The Concept of Music (R13+)

I was looking at an obscure piece of writing about music the other day: the first few pages of an Introduction to The Imaginary Museum of Musical Works by Lydia Goehr (1992). Her argument, which is apparently still all the rage in some circles, goes something like this: we treat pieces of music as artefacts that anybody can listen to if they wish; before they were composed, like human beings before they were born, bits of music did not exist; they are not just constructed like tables and chairs or brick walls, but are unique products of a special, creative activity; the tonal, rhythmic, and instrumental properties of works make up integrated wholes that are represented by the scores composers concoct; they persist after their composer has died.

On the other hand, Lydia Goehr appears to be asking the interesting philosophical question which goes something like – what is music since it comes and goes and can therefore only be pinned down temporarily?

In order to feel excited enough to read on, one might have to prevent the widespread objection that ‘…people who stick to philosophy become strange monsters, not to say utter rogues; even the best of them are made useless by philosophy’ from contaminating one’s thinking. ‘Socrates admits that [the objection] is true in the world as it is, but maintains that it is the other people who are to blame, not the philosophers. In a wise community the philosophers would not seem foolish; it is only among fools that the wise are judged to be destitute of wisdom. (Bertrand Russell: History of Western Philosophy, Chapter 15)

Having accepted Socrates’ assertion, one does now read on regardless…

Musical works, says Lydia Goehr, only exist in the crudest sense as concrete, physical objects; nor do they exist as private ideas in the mind of a composer, a performer, or a listener; nor do they exist in the eternally existing world of ideal, uncreated forms, as Plato might have said they did; they cannot, in any straightforward sense, be physical, mental, or ideal objects. Since musical works are forever open to interpretation, not a bit like the score markings in all sorts of ways, they cannot possibly be identical to any one performance of them; in score form all the sections exist all at the same time but a performance stretches them out in real time; individuals in a group of listeners will experience a musical work in a different way.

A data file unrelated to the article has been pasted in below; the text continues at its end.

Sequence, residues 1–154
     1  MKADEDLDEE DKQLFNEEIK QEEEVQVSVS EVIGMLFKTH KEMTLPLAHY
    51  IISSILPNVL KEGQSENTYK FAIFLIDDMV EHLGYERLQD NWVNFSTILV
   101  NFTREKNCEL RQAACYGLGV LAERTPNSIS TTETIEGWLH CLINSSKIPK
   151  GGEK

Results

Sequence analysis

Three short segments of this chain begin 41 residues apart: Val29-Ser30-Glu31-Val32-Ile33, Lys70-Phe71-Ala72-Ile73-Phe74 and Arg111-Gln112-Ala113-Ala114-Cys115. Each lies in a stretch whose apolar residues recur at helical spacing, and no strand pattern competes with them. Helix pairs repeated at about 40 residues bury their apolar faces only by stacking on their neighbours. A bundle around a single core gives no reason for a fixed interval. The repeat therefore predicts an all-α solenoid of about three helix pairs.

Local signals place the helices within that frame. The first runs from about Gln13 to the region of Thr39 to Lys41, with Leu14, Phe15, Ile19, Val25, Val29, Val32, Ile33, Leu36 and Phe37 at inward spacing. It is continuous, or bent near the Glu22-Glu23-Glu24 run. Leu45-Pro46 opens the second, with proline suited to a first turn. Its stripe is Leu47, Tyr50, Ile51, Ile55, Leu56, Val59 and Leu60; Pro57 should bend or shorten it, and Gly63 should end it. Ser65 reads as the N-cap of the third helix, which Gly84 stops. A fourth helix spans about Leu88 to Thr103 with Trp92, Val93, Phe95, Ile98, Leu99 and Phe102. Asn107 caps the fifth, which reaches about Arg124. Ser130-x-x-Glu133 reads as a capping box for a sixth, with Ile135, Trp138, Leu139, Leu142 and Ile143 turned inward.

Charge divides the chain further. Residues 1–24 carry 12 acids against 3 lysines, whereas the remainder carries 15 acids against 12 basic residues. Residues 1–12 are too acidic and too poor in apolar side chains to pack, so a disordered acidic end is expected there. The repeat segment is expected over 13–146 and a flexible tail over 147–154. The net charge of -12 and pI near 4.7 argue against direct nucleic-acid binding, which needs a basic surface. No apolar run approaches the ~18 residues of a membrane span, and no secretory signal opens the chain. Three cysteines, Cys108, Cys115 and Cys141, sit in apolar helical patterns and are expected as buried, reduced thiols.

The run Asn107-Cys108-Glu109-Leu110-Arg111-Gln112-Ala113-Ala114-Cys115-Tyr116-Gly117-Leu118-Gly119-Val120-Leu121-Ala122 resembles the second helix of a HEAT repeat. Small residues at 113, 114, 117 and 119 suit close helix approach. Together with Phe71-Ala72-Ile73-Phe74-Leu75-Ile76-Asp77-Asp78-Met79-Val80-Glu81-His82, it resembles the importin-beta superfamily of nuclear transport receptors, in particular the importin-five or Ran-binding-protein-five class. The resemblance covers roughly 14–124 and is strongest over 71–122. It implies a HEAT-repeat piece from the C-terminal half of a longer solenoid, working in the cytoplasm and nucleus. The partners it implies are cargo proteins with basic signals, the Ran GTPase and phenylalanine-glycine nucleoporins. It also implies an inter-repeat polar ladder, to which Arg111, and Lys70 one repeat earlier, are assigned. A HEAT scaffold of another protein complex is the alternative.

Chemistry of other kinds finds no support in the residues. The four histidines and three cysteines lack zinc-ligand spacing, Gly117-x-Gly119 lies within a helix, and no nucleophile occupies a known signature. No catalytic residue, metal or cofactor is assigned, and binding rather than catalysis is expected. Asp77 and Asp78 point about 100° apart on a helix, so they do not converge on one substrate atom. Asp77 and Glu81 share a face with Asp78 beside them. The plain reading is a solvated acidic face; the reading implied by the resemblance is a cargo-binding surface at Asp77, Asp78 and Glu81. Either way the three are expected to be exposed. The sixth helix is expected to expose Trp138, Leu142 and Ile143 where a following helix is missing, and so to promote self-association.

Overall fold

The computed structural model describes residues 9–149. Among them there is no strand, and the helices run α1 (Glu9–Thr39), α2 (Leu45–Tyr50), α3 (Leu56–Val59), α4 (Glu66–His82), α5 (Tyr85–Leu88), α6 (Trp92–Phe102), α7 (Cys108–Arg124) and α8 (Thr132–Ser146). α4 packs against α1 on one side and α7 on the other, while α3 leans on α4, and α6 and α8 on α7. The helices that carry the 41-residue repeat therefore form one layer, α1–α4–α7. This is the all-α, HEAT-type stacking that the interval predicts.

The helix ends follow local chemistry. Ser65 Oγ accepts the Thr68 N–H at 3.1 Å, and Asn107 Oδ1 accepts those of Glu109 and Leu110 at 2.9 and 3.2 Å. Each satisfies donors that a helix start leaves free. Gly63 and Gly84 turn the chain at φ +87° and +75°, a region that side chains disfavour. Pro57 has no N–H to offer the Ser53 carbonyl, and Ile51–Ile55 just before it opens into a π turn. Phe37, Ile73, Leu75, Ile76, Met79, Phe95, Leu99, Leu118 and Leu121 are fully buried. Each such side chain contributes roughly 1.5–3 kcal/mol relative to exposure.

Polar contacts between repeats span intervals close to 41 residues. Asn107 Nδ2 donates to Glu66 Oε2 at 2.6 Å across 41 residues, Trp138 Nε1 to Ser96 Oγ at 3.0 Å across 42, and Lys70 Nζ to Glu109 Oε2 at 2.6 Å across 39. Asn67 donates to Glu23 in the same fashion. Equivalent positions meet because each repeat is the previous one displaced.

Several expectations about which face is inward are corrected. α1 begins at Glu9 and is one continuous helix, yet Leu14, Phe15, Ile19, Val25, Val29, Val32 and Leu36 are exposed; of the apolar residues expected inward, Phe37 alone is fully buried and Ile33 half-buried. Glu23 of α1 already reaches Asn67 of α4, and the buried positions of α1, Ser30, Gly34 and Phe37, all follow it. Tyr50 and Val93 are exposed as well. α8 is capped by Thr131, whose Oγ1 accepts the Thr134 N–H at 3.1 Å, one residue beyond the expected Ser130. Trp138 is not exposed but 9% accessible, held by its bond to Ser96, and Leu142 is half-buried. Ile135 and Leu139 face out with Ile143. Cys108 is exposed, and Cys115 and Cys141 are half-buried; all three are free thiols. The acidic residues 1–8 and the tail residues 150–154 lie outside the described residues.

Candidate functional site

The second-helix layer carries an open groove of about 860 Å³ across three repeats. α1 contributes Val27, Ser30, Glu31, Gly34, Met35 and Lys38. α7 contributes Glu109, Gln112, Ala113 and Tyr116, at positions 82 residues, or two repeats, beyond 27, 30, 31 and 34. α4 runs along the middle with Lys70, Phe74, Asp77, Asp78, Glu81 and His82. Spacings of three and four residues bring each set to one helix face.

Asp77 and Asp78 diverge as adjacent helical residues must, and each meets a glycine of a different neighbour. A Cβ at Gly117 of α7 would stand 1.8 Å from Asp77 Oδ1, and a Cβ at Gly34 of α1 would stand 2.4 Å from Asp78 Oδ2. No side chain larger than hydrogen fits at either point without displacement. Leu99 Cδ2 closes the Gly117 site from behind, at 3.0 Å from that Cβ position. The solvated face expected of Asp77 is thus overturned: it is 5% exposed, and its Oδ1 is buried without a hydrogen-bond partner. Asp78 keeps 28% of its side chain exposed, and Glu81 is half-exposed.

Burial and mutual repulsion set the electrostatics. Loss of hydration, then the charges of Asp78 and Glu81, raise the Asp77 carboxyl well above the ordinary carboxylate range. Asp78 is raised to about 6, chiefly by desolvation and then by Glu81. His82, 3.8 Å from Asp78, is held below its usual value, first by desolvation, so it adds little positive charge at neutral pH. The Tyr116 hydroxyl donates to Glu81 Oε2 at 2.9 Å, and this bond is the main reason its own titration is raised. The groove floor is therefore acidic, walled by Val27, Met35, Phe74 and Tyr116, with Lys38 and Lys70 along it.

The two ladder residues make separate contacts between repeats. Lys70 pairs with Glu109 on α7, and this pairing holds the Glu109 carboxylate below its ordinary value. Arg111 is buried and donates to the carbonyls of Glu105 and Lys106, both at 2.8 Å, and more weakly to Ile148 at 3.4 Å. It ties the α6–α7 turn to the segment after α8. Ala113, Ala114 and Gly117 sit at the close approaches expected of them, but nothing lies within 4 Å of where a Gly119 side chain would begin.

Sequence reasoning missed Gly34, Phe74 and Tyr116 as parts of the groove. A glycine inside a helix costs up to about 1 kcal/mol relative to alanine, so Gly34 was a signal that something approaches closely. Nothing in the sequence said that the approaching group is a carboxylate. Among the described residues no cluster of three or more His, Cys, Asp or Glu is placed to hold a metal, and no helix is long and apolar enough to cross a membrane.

So, Lydia Goehr argues that since there is ‘…no obvious category of object within which works [can be] comfortably placed… just how then do they exist?’ I may well be a strange monster or an utter rogue but this does strike me as an interesting philosophical question.

In spite of all these philosophical ramblings, there still exists in the general unphilosophical mind the concept of a musical work – a ‘work-concept’, as it seems now to be called, an ideal something or other that lives ‘out there’ as a limited notion rarely, if ever, attained as it might have been intended in practice.

As a result of tussling with Lydia Goehr (well, you know what I mean), I returned in my inner Being to the very first book of philosophy I ever read; I do not know what it was but it started off with the question WHAT IS A TABLE? If you take away all its attributes which are , of course, purely accidental – shape, colour, texture, solidity, height, width, weight, density, reflective qualities perhaps, material nature – what are you left with? Plato’s answer: the essence of Tableness, pure Form. So we arrive at Plato’s idea of Forms: the essence of Tableness exists as eternality ( in some heaven place maybe) together with all the other ideal abstractions you can think of – Justice, Beauty, Freedom, essence of Catness, Horseness and so on. Plato’s myth says that before birth we had momentary truck with such things, forgot about them at birth only to spend the rest of our life in a vain quest for them.

An alternative way to think about Goehr’s line is: If you take way all the attributes of a piece of music – print, score, sound, texture, mood, orchestration, contrast, interpretation, dynamics, metronomic indications, composer’s intention, listener awareness, programme, programme notes, what are you left with? The Essence of Music, of course – Musicness.

I will quote Bertrand Russell’s line on this, which I happen to like, specially since he considers CAT:-